Law enforcement officials dissect video of bounty hunter shootout

Video analysis: Cell phone video shows dealership shooting

GREENVILLE, Texas -- After video captured a deadly shootout between bounty hunters and a fugitive at a Greenville car dealership, law enforcement experts are weighing in on the incident.

In 26 seconds of video captured on cell phone, you can see the moment bounty hunters Fidel Garcia and Gabriel Bernal approached suspect Ramon Hutchinson. They had been hired by a bail enforcement agency to return Hutchinson to Minnesota to face felony charges. 

As the video shows, the plan quickly fell apart.  You can see as the suspect fumbles with his gun as the bounty hunters approach. The gun goes flying in the air, and then the suspect struggles to regain control before about 20 shots were fired in a busy car dealership lobby.  All three men died.

"This is pretty startling, this shooting taking place in a public arena like this," said John Matthews, executive director of the Community Safety Institute and a respected law enforcement expert.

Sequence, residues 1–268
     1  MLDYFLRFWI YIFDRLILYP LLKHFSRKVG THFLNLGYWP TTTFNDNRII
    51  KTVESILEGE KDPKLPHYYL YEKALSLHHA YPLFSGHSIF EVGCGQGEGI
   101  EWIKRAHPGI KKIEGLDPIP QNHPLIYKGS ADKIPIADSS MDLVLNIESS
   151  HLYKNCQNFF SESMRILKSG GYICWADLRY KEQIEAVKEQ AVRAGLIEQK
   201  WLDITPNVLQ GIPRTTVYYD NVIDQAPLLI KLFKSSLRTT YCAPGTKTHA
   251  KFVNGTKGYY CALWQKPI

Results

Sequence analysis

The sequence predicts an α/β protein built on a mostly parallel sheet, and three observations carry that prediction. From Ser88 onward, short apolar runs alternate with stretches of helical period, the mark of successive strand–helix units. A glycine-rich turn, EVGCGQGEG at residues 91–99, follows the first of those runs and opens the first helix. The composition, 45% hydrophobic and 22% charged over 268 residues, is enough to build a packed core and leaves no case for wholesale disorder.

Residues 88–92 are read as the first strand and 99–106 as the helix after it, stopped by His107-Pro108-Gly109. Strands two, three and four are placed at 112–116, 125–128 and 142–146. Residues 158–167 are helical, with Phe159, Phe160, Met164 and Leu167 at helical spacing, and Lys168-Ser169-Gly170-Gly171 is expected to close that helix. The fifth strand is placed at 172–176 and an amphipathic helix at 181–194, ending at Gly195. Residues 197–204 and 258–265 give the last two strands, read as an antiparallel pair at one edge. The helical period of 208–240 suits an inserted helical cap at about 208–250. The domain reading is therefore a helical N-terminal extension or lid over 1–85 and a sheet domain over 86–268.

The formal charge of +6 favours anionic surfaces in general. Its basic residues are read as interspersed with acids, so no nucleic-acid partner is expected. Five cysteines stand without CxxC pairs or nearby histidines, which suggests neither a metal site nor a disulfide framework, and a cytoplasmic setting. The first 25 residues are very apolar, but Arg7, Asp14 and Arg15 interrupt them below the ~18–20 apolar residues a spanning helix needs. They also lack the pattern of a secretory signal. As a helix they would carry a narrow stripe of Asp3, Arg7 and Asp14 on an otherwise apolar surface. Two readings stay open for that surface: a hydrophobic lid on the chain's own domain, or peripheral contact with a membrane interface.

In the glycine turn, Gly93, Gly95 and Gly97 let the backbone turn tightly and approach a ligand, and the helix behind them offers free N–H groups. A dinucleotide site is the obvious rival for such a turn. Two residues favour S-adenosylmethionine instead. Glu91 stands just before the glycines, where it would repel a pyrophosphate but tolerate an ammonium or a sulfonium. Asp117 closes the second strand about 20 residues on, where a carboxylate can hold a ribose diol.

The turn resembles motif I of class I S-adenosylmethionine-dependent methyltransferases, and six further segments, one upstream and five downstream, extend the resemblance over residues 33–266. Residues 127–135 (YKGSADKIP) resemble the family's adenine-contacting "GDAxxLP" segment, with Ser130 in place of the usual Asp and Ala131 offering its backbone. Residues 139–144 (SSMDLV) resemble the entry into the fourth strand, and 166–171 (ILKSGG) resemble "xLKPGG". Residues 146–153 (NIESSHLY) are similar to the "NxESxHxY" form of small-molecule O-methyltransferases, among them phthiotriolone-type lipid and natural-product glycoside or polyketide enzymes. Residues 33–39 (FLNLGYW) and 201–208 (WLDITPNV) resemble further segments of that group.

Matthews said that typically law enforcement might use four tactical officers to make this type of arrest, and he said a car dealership was not an appropriate location. He counted at least six bystanders in the footage as the shots rang out.

"It's absolutely amazing to me that none of those civilians got hurt," said Matthews.  "Even though we had those three individuals lose their lives, there could have been a lot of innocent people hurt because they tried to do a tactical takedown in a public place."

Catherine Torrez, a private investigator and former police chief, served with bounty hunter Fidel Garcia on the board of the Texas Association of Licensed Investigators.

"When [Garcia] saw the [suspect's] gun, his partner drew down, and he did the right thing.  I would have done exactly the same thing," she said after watching the shooting on tape.

Torrez said Garcia was responsible and well-respected in his field.  She did not know specifics of why Garcia and his colleague would chose a car dealership for an arrest, but she said bounty hunters often use public places in an effort to minimize risk.

"Some of the best places are places where there's other people, where they're not expecting someone to come in and apprehend them," she said. "He just wouldn't put people's safety in jeopardy if he thought for one moment that it was going to turn out like that."

© 2017 WFAA-TV


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